Rationale: Biomass exposure is an important risk factor for chronic obstructive pulmonary disease (COPD). However, the time-course behavior of FEV1 in subjects exposed to biomass is unknown.
Objectives: We undertook this study to determine the FEV1 rate decline in subjects exposed to biomass.
Methods: Pulmonary function was assessed every year in a Mexican cohort of patients with COPD associated with biomass or tobacco during a 15-year follow-up period.
Measurements and main results: The mean rate of decline was significantly lower for the biomass exposure COPD group (BE-COPD) than for the tobacco smoke COPD group (TS-COPD) (23 vs. 42 ml, respectively; P < 0.01). Of the TS-COPD group, 11% were rapid decliners, whereas only one rapid decliner was found in the BE-COPD group; 69 and 21% of smokers versus 17 and 83% of the BE-COPD group were slow decliners and sustainers, respectively. A higher FEV1 both as % predicted and milliliters was a predictive factor for decline for BE-COPD and TS-COPD, whereas reversibility to bronchodilator was a predictive factor for both groups when adjusted by FEV1% predicted and only for the TS-COPD group when adjusted by milliliters.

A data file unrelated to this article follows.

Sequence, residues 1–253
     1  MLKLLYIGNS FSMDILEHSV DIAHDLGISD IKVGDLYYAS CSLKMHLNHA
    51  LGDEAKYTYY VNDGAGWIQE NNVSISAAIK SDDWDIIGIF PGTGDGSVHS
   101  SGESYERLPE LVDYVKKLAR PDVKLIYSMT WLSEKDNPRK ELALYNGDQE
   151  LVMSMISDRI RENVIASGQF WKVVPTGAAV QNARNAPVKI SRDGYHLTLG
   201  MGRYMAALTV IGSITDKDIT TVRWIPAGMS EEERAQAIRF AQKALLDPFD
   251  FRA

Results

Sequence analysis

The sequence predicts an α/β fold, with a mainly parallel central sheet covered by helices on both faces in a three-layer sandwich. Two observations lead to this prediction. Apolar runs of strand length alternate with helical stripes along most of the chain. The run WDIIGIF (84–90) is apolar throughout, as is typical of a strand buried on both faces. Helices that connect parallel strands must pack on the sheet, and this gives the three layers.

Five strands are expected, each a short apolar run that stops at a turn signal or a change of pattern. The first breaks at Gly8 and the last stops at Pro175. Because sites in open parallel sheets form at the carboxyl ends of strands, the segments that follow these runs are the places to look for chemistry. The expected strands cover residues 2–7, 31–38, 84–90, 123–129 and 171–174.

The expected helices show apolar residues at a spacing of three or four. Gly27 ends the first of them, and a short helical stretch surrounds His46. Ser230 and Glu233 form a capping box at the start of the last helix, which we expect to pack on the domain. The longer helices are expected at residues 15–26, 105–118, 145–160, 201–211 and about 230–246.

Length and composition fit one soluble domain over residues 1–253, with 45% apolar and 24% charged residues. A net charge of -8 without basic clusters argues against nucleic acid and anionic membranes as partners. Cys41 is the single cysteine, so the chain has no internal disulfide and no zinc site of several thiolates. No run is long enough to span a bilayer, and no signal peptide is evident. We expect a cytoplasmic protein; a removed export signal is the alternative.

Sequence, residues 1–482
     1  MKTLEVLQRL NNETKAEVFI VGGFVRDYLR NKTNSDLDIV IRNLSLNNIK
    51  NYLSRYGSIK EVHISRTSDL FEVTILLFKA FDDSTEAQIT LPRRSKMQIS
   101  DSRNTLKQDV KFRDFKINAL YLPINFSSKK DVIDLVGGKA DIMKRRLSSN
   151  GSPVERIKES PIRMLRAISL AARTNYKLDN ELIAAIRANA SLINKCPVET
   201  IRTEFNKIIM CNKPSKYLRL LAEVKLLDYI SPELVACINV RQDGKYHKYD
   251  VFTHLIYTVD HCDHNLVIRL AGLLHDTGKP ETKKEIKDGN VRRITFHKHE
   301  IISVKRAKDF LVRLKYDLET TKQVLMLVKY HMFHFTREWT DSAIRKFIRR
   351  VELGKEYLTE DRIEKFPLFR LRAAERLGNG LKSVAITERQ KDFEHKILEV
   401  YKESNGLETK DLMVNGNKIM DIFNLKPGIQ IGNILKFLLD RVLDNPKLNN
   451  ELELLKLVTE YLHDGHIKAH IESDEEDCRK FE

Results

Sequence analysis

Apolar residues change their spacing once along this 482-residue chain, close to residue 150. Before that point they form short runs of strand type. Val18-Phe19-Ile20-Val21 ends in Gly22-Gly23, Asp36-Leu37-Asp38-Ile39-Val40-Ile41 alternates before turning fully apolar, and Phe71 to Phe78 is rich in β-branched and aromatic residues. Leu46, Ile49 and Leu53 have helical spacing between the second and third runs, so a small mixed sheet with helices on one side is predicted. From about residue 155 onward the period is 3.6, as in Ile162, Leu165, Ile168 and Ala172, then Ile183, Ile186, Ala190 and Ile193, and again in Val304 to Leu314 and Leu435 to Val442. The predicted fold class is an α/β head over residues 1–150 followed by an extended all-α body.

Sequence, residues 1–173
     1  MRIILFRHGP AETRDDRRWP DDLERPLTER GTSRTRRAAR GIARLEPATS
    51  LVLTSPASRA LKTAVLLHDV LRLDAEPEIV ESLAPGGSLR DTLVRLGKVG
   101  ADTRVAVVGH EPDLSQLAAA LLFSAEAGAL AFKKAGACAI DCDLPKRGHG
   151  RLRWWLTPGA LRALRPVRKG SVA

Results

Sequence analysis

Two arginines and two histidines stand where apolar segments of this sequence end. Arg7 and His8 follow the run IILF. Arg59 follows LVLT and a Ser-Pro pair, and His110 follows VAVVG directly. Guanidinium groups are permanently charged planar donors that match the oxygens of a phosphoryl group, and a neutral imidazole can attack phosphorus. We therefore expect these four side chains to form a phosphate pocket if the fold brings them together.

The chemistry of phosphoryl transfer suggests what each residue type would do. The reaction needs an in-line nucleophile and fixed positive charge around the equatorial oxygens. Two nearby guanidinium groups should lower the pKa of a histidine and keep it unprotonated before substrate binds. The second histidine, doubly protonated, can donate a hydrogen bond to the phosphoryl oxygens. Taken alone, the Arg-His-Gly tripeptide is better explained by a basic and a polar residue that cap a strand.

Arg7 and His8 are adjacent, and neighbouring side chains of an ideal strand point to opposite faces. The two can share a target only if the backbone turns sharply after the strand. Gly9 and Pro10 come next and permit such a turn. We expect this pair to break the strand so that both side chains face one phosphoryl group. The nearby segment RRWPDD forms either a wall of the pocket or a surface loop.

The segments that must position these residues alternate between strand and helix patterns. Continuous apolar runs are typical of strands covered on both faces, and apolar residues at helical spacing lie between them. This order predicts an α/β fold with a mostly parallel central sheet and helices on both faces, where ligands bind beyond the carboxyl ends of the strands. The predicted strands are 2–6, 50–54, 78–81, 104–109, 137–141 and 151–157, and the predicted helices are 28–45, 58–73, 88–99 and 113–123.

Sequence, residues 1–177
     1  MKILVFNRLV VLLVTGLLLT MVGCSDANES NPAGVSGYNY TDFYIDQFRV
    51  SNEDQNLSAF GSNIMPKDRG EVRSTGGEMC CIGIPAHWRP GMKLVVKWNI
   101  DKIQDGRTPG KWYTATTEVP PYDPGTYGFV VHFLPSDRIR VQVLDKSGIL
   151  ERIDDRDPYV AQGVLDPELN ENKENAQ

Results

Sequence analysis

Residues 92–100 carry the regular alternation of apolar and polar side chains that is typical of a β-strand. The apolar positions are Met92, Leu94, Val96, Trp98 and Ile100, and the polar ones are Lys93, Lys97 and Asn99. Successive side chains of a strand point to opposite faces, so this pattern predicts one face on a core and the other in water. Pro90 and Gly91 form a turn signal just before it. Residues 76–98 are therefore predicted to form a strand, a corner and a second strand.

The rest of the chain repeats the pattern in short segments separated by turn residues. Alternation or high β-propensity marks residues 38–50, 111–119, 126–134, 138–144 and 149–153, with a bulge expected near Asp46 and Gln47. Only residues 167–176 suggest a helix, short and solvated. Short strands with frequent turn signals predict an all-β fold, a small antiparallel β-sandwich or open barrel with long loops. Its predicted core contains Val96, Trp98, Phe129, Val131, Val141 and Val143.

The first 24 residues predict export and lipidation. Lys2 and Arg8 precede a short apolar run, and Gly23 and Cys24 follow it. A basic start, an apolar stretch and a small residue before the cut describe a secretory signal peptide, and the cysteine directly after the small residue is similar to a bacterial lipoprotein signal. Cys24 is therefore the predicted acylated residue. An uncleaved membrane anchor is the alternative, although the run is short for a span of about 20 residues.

Conclusions: In the biomass exposure COPD group the rate of FEV1 decline is slower and shows a more homogeneous rate of decline over time in comparison with smokers. The rapid rate of FEV1 decline is a rare feature of biomass-induced airflow limitation.
Keywords: biomass exposure; lung function decline; phenotypes.